Vancouver City Council opposes Cowlitz casino 5-8-07

VANCOUVER, Wash. (AP) - The city is urging the federal government to
reject plans for a $510 million tribal casino less than 20 miles
north, saying it would be a detriment to surrounding communities.

A federal decision on the Cowlitz tribal casino, hotel and resort
isn't expected until 2008, but the Vancouver City Council on Monday
unanimously approved a formal resolution authorizing legal action if
the proposal is accepted.

“It hopefully would carry power with the secretary of interior who
would consider the feelings of the largest city near the proposed
casino site,” said Brent Boger, the assistant city attorney who drew
up the resolution.

The proposed 134,150-square-foot casino resort would be built along
Interstate 5 two miles west of La Center, population about 1,900,
where four non-tribal card rooms are the biggest employers, taxpayers
and utility customers.

A draft environmental impact report estimated that the casino would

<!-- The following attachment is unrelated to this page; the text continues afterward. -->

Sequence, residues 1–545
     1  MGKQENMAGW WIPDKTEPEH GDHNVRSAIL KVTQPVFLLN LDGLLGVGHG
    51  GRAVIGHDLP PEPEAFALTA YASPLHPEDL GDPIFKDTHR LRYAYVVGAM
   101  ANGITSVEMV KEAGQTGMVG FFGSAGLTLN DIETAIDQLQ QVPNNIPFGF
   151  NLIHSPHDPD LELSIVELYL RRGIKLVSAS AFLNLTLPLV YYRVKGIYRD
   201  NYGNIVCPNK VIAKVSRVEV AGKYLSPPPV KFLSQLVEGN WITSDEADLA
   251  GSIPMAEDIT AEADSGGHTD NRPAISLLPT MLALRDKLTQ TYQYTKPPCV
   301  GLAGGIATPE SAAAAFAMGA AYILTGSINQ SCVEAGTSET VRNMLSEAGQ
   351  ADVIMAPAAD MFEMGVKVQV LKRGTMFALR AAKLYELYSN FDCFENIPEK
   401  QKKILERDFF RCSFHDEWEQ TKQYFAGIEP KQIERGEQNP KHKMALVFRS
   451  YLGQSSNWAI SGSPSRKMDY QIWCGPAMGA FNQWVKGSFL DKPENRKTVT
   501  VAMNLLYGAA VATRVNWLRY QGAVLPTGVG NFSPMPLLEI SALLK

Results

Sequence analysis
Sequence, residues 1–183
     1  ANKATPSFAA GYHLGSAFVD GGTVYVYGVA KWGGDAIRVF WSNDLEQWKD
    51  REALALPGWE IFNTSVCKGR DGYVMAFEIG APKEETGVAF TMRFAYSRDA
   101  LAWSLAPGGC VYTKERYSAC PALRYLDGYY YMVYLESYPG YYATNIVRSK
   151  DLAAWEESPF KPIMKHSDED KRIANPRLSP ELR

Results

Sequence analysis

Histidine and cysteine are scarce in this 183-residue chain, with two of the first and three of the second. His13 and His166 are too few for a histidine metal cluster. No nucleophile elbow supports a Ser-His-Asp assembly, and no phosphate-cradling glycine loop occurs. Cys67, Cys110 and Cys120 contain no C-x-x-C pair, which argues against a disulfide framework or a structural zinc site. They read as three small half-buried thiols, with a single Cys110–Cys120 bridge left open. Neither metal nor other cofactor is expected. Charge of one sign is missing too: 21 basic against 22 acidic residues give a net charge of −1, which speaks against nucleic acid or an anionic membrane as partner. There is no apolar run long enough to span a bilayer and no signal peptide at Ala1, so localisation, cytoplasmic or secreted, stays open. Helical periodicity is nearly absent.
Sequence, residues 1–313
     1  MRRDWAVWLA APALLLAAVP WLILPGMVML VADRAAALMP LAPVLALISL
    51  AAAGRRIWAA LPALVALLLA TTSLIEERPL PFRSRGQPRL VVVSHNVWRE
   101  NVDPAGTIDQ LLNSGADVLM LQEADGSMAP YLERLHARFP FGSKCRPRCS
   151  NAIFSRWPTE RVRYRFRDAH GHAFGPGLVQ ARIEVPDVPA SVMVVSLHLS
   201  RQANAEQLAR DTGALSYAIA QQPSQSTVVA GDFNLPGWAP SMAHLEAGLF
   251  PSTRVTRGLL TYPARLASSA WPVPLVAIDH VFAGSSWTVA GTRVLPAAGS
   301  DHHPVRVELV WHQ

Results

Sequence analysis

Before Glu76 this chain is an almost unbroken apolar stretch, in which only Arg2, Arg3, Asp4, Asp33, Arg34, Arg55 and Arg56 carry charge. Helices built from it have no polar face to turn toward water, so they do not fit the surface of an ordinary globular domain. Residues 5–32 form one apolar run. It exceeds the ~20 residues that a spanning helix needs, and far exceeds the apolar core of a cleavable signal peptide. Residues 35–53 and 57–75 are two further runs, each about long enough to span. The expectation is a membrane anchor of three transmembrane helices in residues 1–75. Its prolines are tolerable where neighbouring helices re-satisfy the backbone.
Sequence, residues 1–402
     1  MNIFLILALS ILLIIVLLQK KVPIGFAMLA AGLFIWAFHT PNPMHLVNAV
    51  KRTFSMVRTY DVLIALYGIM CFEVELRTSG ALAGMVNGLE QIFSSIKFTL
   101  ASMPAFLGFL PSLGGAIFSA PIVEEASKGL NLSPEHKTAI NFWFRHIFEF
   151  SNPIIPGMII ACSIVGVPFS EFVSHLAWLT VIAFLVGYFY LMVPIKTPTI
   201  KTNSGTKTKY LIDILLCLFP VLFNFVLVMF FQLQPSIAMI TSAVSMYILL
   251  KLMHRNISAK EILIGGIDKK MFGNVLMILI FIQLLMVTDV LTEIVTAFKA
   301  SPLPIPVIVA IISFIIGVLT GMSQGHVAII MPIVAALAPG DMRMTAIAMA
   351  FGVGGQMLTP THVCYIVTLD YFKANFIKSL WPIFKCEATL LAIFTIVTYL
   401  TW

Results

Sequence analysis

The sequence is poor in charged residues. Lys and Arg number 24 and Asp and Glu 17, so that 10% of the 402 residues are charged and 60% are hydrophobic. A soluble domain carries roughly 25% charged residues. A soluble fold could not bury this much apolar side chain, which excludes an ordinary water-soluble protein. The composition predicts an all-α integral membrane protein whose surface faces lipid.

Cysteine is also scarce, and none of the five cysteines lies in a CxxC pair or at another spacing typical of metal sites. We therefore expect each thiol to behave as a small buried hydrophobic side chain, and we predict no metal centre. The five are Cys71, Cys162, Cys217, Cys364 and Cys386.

generate $415 million annually in gambling revenue and employ 3,151
people earning an average of $28,000 a year, including tips, for a
total annual payroll of $88.1 million.

Councilman Dan Tonkovich said the casino would hurt surrounding
communities through such things as increasing bankruptcies and other
social problems associated with compulsive gambling.

“They are devastating to families,” he said. “They are devastating
to individuals. They are devastating to children.”

The city's resolution states that the Cowlitz has refused to consider
alternate sites north of Clark County that are closer to the tribe's
“ancestral home” and current population.

That stance drew angry rebuttal from tribal representatives.

“It is offensive to every Cowlitz tribal member that the city would
try to tell the tribe where our homeland is,” said Phil Harju, a
member of the Cowlitz Tribal Council.

Other casino supporters have questioned why the city would rezone
industrial property to accommodate retail projects like Fred Meyer
and Wal-Mart, but dismiss the casino complex.

The city appears to be making a political decision instead of an
economic one, said Mike Phillips, secretary-treasurer of the
Clark-Skamania-West Klickitat Central Labor Council.

“This entire scenario smacks of greed and bigotry,” said Patricia
Giles of Vancouver. “The city has stooped to a new low. Shame on